For filmmakers, a beleaguered central character crippled by grief following the death of a loved one is fertile ground. And within the horror genre, more fertile still, with endless spooks, ghouls and supernatural suffering rendered possible by including a suffering spouse. With The Domicile the inclusion of just one of those possibilities would likely have been enough.
One-time successful playwright Russell (Harris) begins to experience strange occurrences following the “accidental” death of his wife Estella (Flannery) and their unborn twins. Encouraged by his co-writer David (Stear), who’s counsel is often narcissistic and rarely advisable, Russell contacts an old flame in search of a muse. Suffice to say, that doesn’t go well.
A prolific genre actor and filmmaker, writer and director Jared Cohn certainly knows and understands how to construct a horror movie. Jump scares and out-of-focus shadowy figures provide regular trigger-points throughout The Domicile, and are utilised in such a way as to be largely effective. A quick cut here and there, with some suitably suspenseful scoring ticks off another trope or two, and Cohn also manages to include enough gore to satisfy those audiences more inclined towards the bloodier side of things. And there is enough moody lighting to fill a whole series of films.
The problem is that Cohn has dipped too many times into the genre box of tricks and as such The Domicile plays out more like a game of horror bingo. Everything from children’s laughter to creaking doors is thrown into the mix, and as the story progresses it becomes increasingly confusing as to who is haunting who, and for why. A shadowy, mysterious figure that seems to facilitate the whole affair is a constant throughout, throw in the skulking, zombie-like figure of the dead wife, mix in a little demonic possession for good measure, and what you have is a heady soup of malevolent ingredients battling for attention. Each of these individual elements would have sufficed, providing a less-is-more, much creepier experience as by the end everything feels somewhat overwrought.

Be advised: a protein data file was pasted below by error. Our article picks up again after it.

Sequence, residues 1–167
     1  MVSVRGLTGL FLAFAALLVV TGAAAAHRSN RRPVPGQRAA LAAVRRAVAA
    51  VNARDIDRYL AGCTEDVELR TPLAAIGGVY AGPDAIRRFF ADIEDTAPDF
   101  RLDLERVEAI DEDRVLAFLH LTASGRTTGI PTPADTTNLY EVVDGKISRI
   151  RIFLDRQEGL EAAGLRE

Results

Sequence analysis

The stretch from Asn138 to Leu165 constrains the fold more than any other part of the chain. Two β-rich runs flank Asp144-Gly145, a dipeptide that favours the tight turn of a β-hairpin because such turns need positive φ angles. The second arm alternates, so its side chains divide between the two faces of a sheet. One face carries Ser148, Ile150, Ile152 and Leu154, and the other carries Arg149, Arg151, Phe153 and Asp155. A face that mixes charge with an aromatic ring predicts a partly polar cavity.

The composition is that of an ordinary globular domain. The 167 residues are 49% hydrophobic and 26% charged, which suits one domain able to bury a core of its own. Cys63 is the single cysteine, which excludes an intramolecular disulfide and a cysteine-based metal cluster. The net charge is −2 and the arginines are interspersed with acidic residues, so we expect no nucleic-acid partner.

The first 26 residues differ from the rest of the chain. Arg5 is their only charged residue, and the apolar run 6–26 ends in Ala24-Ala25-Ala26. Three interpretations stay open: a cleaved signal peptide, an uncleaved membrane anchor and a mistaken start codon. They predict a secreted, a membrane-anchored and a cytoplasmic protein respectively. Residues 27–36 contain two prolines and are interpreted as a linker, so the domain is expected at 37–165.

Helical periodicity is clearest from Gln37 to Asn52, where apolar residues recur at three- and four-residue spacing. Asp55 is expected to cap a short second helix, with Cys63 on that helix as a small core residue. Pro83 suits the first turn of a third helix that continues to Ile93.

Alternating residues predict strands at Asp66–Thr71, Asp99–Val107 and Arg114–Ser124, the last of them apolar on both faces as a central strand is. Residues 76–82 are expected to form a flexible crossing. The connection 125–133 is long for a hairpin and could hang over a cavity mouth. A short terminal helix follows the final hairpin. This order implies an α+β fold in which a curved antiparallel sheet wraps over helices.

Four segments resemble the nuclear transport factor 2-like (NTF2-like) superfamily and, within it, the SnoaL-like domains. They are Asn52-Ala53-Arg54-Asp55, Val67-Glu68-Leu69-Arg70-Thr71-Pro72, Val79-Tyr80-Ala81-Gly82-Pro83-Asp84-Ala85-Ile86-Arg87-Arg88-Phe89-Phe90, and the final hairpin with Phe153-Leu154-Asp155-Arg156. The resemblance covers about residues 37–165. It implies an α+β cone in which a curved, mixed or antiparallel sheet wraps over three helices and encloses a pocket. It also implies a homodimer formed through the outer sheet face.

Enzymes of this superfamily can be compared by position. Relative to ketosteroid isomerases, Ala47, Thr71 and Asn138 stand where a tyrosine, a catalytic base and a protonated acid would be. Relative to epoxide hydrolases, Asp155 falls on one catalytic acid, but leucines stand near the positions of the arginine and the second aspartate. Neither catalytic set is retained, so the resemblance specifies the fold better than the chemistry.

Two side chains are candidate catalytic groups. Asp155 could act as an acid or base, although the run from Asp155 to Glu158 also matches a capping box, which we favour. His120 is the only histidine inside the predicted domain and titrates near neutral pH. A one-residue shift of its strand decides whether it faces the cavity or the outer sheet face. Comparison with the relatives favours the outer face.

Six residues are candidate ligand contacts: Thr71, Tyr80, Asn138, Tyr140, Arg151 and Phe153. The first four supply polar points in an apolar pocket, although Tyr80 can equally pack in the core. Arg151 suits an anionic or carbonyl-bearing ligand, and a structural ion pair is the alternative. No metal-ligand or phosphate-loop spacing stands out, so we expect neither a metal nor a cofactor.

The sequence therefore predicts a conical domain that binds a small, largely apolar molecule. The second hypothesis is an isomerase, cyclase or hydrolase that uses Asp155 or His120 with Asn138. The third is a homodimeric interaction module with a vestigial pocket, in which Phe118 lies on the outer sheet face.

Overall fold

There is no doubt Cohn in a good filmmaker, and The Domicile contains genuine moments of invention and fright, but the story fails to support the numerous genre beats, and the finale, while both exuberantly grisly and undoubtedly shocking, never feels truly earned. Ambiguity is wonderful if used well, but here there is too little exposition, leaving the viewing experience rather flat and confused.
THE DOMICILE / CERT: TBC / DIRECTOR & SCREENPLAY: JARED COHN / STARRING: STEVE RICHARD HARRIS, KATHERINE FLANNERY, DEMETRIUS STEAR / RELEASE DATE: OUT NOW (USA); UK RELEASE TBA